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Forum: John Dick Memorial 50K
Return to Forum: John Dick Memorial 50K Race Info
Topic: 2011 Recap - Brutal Conditions
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Posted By: Webmaster Mary Posted: Feb 12, 2011 Reply
Feb 12, 2011
The John Dick 50K is a casual no frills event.  It is run on a 10K course that follows a snowmobile trail in the Kettle Moraine.  One manned aid station is at one end of the course, and an unmanned aid station is at the other end.

Runners have the option to run the course 1 to 5 times.  Those that do all 5 loops are considered 50K finishers and are listed in the official results.  At the manned aid station, runners check in, and tell the volunteers whether they are heading to the finish, or continuing an additional loop of the course.

Training partner Dennis and I signed up for the John Dick a few weeks ago, and have been running on the course once or twice a week since the beginning of January.  Each time we went out there, there was new fresh snow that gave us an incrementally more rigorous training run.  We thought this would be great preparation for race day.

Keep in mind, it's a trail run, in Wisconsin, in February.  We all go into it expecting the worst.  Footing can be anything, temperatures can be anything.

Tuesday before the race, southern Wisconsin was hit with a blizzard that dumped 16 inches of new snow, on top of several inches of existing snow.

Dennis and I started the race with the hopes of doing all 5 loops, but would not be upset with doing fewer.  We'd play it by ear.

As soon as we got onto the trail, we experienced abusive footing.  Though it was groomed and packed for snowmobiles, it was like running in baking soda.  It was significantly more challenging than the conditions we found on any training run, one of which I had said was like running through quicksand.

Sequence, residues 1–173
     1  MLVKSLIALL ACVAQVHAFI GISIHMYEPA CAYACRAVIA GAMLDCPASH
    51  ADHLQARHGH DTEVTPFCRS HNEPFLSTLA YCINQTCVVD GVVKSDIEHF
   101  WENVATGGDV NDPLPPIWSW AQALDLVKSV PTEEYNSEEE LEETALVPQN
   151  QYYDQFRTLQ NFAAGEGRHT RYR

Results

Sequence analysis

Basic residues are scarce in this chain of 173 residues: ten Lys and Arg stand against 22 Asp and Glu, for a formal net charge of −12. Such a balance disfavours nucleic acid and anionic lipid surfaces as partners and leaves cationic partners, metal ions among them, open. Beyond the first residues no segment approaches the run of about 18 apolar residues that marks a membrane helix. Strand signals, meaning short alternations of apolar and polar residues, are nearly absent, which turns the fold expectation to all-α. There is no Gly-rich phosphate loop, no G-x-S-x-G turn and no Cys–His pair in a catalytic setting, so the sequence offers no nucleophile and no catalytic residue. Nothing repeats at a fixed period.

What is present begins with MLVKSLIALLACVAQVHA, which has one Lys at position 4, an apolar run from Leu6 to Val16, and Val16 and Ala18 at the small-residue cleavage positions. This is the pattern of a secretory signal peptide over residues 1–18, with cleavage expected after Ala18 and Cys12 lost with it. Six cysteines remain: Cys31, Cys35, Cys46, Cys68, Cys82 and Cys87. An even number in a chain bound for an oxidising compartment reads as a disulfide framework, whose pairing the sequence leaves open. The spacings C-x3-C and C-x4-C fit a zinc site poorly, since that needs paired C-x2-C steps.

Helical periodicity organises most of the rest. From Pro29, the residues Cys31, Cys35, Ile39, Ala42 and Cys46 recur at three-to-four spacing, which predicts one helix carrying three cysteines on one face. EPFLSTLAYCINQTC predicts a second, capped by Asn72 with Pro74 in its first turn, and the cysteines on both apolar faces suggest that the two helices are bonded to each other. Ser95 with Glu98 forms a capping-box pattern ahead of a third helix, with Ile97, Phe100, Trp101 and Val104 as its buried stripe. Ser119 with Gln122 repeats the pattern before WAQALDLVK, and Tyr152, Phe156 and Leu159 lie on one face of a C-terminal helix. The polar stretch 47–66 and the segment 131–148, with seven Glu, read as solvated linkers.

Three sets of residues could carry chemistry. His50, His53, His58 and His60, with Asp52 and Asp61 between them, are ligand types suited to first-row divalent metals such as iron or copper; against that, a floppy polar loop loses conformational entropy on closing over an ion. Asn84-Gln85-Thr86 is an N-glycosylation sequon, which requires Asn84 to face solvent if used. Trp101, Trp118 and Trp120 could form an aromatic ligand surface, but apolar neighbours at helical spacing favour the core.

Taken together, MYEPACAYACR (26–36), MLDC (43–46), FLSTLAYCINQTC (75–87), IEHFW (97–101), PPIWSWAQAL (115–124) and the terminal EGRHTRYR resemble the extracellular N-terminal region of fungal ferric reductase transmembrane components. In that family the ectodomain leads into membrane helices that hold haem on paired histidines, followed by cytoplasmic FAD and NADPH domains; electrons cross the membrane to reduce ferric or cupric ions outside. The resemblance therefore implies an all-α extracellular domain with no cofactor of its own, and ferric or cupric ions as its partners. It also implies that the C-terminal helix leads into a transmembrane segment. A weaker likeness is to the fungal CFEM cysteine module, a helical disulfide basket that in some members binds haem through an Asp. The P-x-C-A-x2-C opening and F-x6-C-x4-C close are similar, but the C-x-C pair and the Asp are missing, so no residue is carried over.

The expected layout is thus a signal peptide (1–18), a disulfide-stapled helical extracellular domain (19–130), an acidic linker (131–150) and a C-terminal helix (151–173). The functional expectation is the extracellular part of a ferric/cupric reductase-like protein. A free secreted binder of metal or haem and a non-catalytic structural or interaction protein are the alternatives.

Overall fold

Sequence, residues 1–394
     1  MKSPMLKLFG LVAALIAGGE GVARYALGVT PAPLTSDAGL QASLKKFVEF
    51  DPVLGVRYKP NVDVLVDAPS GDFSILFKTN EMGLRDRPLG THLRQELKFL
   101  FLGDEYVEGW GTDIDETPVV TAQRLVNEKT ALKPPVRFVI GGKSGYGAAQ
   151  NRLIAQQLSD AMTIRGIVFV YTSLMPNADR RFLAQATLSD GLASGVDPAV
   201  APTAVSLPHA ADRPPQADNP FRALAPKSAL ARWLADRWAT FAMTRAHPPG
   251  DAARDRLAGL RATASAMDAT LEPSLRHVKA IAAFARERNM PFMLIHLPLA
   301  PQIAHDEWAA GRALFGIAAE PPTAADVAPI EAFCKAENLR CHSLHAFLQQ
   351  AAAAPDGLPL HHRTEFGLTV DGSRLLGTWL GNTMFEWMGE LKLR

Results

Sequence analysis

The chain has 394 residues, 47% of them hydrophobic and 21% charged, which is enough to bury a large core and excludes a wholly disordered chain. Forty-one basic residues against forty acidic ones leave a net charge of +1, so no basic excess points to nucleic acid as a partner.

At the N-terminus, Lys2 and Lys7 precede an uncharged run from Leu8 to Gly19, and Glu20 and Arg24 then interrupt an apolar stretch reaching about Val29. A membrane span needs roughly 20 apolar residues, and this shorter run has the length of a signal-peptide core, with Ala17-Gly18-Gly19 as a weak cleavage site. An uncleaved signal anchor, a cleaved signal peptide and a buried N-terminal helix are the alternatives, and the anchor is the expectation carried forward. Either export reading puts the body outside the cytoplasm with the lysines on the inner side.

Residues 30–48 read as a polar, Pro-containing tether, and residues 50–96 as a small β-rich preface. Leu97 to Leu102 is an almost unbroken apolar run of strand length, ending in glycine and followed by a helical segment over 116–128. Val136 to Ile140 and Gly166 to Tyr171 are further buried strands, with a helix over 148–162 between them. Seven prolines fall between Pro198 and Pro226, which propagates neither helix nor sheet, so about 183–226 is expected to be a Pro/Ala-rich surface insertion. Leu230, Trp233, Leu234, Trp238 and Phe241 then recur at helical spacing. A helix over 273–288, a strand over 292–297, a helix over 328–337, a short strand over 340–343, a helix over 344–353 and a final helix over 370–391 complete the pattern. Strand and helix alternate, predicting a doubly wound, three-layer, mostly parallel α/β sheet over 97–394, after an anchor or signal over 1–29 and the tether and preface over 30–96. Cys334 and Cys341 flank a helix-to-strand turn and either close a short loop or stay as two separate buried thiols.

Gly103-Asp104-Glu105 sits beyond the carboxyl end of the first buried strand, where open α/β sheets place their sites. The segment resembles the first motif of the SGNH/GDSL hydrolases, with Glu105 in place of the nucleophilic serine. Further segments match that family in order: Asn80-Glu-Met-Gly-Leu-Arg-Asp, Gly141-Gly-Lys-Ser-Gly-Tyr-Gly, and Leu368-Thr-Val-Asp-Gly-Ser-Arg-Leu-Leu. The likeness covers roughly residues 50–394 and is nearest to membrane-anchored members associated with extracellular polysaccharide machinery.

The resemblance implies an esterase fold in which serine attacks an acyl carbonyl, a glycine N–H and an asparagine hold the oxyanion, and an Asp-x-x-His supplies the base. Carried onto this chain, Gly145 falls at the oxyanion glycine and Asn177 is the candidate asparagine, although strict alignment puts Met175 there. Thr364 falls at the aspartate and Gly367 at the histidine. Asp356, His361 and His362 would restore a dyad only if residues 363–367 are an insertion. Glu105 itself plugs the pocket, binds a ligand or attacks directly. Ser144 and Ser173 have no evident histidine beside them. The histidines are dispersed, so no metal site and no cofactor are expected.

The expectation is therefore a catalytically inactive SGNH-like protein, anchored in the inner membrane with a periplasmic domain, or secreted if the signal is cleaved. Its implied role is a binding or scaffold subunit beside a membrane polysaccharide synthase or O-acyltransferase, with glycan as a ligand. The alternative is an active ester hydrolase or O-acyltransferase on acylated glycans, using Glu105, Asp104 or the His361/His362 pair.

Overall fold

Not only was there absolutely zero traction and no push off, but your feet would not slide out from you in any predictable direction. At least when running through sand, your foot slides out behind you, in a rather smooth motion.  But today, our feet would slide out backwards or sideways, and in a very jerky motion.  It was like every few steps, someone was shoving you off course from the side.  We could get no momentum, no rhythm.  Every single step was like this.

As we got to the aid station the first time, we grabbed a couple snacks, made a potty stop, and headed out for our next loop.  The cumulative foot traffic did not improve the course. The rugged footing was physically tiring, and mentally frustrating.

As we got to the aid station the second time, the volunteers informed us that half of the field had already called it a day. For some odd reason, this made us feel better.

During that 3rd loop, I really felt like I had had enough.  Tired, sore and frustrated, 3 sounded like a very good number to me.  At one point, Dennis looked down at his garmin, which reported we had 15.5 miles done, and he said 'Hey, we are half way done.'  I told him 'I've got some really good news, I am pretty sure we are a LOT more than half way done.'

We got to the aid station at the end of the 3rd loop, and told the volunteers we were done and heading back to the finish.  I went and made a potty stop, and came out, looked at Dennis and said 'You want to do another loop, don't you?' I could just tell.  We know each other pretty well. We told the volunteers we'd be doing one more.

Its about a mile from the aid station to the point on the course where you peel off to go to the finish, so I had one mile to decide whether to go to the finish myself, or continue loop 4 with Dennis.  I was beat. I was frustrated.  I was cranky... er.

I decided that I would rather do another loop with Dennis, than proceed to the finish without him.  We trudged through that last loop doing a lot of walking, which was even difficult itself. 
According to the race director, Robert Wehner, this year's conditions were the worst conditions they have ever had.  The winning time was 40 minutes slower than the previous slowest winning time.  The completion rate was the lowest they have ever had.  74 starters, and only 24 finishers.  Generally they get a completion rate of 50 to 60%.

I feel no shame in completing 4 out of 5 loops.  It took us nearly 8 hours, which is about the same pace as the last 25 miles of the Kettle Moraine 100 miler we did last June.  It might have been the worst 25 miles I have ever run, but I still got to spend the day with one of my favorite people.

We plan to do it again next year.  Maybe conditions will be even worse.